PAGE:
Thursday, 16 March 2017

Estonia: Europe’s Most Entrepreneurial Country

Very proud that Estonia was proclaimed the most entrepreneurial country in Europe! Below is a summarised version of the World Economic Forum report.

When you think of the word ‘entrepreneur’, you might conjure up a maverick who turned a great idea into a successful business. But you’re unlikely to imagine furious entrepreneurial activity in the small European country of Estonia. Yet, according to a World Economic Forum report, Northern Europe and the Baltics are a hotbed of entrepreneurial activity.

The report, Europe’s Hidden Entrepreneurs: Entrepreneurial Employee Activity and Competitiveness in Europe, looked at a form of entrepreneurship beyond the typical start-up – intrapreneurship – with some interesting conclusions.

Northern Europe leads the way when it comes to entrepreneurship and innovation.


Intrapreneurship involves workers formulating and implementing new ideas within organizations, rather than starting their own businesses. In the report these are called EEAs, which stands for entrepreneurial employee activity.

Entrepreneurial individuals in Europe frequently choose to start new ventures or projects while working for their employers rather than start their own business, the report found.

The report compares entrepreneurial activity within organizations with start-ups, which are referred to as “total early-stage entrepreneurial activity” or TEA.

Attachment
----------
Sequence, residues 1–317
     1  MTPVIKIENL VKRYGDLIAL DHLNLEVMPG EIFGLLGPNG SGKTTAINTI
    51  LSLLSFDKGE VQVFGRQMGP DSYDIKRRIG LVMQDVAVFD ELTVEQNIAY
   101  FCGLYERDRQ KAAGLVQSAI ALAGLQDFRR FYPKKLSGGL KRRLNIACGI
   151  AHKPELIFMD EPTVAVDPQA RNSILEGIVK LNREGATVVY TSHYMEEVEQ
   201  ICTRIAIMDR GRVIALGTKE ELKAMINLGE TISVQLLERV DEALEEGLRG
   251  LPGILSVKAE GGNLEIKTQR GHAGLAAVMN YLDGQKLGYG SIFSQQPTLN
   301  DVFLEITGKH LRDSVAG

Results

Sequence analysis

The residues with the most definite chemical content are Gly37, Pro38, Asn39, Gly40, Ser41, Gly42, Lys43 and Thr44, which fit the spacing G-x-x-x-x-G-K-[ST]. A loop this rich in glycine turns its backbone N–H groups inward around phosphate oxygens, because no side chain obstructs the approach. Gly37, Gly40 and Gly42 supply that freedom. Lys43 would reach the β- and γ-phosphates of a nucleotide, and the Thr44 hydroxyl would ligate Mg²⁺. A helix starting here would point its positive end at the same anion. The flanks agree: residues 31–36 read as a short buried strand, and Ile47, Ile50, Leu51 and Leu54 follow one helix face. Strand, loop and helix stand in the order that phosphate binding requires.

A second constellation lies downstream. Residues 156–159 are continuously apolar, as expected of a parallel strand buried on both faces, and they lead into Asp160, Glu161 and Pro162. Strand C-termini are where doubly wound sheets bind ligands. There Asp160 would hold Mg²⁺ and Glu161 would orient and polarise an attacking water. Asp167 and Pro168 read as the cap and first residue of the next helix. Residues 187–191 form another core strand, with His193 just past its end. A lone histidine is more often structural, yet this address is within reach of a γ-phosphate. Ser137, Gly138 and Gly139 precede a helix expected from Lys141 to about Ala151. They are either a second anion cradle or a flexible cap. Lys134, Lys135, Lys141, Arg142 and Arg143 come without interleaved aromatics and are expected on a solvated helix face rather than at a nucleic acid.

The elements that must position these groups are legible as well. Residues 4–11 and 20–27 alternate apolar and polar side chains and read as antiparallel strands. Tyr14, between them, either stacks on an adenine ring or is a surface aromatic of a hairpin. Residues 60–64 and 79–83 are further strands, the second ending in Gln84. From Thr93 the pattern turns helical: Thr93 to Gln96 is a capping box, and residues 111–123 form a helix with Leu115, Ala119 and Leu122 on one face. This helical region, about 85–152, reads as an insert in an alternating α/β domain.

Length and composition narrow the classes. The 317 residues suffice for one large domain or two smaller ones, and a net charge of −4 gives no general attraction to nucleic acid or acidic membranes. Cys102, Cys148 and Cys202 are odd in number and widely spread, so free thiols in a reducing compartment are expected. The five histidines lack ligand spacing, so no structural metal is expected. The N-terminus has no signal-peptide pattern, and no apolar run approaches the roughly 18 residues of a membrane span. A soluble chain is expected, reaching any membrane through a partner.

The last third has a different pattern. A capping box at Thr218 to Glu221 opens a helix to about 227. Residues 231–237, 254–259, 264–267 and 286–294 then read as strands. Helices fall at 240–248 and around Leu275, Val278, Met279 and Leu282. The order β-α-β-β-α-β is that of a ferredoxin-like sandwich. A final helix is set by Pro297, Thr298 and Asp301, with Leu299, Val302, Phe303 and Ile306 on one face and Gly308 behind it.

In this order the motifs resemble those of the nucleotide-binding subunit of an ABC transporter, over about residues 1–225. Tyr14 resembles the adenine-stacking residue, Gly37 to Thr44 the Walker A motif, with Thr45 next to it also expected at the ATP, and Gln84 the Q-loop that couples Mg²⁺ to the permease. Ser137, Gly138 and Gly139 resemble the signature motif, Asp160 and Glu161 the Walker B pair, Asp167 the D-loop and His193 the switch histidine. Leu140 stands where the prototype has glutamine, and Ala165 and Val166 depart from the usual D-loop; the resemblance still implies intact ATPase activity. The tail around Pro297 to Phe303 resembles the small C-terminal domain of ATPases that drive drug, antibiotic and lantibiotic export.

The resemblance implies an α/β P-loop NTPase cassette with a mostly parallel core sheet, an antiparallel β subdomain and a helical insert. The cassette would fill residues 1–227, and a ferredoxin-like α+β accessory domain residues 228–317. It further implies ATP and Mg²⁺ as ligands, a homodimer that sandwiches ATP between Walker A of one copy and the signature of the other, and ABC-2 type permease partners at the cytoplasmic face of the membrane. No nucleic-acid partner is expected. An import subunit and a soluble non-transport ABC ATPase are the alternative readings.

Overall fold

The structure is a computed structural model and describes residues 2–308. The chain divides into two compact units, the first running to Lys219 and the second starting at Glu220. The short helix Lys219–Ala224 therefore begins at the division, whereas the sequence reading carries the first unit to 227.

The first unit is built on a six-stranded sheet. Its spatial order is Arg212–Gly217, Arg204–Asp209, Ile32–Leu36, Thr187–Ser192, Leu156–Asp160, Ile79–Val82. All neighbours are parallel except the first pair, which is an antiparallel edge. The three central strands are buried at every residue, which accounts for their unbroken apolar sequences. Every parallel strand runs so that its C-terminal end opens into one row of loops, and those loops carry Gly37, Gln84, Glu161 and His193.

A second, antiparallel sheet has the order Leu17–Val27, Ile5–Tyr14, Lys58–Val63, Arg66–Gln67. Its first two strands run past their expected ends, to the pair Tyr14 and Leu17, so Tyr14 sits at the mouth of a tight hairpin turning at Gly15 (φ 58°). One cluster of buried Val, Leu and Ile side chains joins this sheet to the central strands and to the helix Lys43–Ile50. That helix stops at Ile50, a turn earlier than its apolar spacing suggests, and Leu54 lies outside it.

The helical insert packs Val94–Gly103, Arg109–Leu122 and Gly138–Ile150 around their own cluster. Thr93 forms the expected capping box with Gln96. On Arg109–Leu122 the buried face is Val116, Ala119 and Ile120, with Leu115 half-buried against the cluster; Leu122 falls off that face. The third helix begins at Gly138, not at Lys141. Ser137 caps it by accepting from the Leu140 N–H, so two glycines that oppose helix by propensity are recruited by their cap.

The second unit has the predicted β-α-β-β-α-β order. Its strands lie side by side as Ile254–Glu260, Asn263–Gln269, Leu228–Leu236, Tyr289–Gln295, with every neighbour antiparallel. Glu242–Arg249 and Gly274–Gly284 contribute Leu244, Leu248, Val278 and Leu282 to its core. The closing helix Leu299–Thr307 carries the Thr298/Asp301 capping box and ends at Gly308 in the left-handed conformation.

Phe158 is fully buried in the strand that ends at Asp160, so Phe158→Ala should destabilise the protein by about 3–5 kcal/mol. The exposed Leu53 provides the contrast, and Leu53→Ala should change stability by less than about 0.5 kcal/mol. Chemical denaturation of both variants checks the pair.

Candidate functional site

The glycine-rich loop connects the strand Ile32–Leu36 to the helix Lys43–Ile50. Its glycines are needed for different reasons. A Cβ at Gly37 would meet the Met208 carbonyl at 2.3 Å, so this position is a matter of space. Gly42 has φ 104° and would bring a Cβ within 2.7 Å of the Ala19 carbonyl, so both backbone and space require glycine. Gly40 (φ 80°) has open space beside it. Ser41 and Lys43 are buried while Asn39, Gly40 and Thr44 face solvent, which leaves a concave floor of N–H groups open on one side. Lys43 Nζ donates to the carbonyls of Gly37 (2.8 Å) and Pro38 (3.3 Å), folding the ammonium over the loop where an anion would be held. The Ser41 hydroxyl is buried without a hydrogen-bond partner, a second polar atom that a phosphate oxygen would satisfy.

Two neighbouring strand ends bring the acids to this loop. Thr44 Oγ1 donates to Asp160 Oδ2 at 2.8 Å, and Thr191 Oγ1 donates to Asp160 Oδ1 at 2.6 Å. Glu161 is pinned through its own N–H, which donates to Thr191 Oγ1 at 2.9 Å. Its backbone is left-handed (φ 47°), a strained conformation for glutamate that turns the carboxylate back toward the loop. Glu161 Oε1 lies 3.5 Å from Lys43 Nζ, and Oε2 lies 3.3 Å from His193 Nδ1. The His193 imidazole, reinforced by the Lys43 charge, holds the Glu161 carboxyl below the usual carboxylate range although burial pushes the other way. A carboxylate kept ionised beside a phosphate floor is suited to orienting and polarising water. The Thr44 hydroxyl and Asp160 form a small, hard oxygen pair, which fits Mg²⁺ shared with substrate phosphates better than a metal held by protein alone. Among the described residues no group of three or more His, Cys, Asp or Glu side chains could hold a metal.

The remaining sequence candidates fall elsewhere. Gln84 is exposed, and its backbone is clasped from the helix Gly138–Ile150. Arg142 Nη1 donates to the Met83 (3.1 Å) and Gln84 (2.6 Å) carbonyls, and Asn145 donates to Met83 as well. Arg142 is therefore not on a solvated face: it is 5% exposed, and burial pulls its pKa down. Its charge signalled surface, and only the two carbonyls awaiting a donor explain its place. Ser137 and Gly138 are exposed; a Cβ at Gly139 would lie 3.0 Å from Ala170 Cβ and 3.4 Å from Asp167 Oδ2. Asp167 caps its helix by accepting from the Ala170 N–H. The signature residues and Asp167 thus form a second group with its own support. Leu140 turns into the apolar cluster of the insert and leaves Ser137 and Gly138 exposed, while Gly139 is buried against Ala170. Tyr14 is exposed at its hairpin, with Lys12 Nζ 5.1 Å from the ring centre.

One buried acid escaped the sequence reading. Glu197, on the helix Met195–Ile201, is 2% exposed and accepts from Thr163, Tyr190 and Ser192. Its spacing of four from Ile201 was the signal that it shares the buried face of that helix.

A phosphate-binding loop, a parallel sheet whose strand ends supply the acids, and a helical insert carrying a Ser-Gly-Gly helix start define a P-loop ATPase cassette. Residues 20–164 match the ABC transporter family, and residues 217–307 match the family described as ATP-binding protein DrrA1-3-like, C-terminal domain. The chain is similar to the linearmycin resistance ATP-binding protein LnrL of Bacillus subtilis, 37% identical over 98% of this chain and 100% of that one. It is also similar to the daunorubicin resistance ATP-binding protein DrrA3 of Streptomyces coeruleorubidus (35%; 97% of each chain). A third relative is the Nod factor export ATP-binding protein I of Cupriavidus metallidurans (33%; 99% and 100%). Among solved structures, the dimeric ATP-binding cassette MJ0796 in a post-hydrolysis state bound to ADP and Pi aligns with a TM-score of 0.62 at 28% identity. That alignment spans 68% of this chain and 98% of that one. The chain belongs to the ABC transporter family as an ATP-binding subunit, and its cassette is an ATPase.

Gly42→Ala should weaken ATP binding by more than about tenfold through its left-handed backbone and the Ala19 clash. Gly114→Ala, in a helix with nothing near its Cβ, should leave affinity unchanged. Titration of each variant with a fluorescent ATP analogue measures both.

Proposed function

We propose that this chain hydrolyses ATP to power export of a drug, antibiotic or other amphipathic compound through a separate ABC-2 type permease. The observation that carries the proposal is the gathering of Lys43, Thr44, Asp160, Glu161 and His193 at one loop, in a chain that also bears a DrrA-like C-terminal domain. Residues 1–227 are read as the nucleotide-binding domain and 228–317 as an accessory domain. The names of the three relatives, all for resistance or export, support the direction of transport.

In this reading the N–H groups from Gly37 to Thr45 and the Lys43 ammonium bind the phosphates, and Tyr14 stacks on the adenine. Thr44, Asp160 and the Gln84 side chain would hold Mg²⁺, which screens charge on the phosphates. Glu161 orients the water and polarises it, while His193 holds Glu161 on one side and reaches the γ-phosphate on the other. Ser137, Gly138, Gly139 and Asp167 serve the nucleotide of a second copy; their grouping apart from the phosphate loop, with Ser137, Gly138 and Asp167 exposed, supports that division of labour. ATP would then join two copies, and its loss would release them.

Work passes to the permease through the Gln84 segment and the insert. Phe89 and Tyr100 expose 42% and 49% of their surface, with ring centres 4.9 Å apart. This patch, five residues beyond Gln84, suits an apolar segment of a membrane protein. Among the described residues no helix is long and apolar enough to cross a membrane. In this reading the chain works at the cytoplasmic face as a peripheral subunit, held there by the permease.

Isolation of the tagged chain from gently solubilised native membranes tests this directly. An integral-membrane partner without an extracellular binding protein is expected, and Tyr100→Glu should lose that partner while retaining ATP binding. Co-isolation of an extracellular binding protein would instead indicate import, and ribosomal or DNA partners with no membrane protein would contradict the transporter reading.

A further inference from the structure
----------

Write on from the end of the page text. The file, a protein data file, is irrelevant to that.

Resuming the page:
When you look at TEA only, shown in dark blue on this chart, Europe doesn’t do very well compared to other major economies and regions.

However, when you add EEA into the mix, Europe comes after only the US, Canada and Australia.

In Europe, a greater proportion of entrepreneurship is expressed as EEA than anywhere else in the world: 40% of entrepreneurial individuals are EEA entrepreneurs, compared with 29% in the United States.

When you take both TEA and EEA together, a picture emerges of highly entrepreneurial Baltic countries. In this ranking Estonia comes out on top, while two of Europe’s largest economies, Germany and France, don’t even make the top 10.

Estonia has a high rate of TEA and an above average rate of EEA. Almost 80% of businesses started in Estonia are opportunity-driven and Estonia is often cited as a model for entrepreneurially-oriented policy, says the report.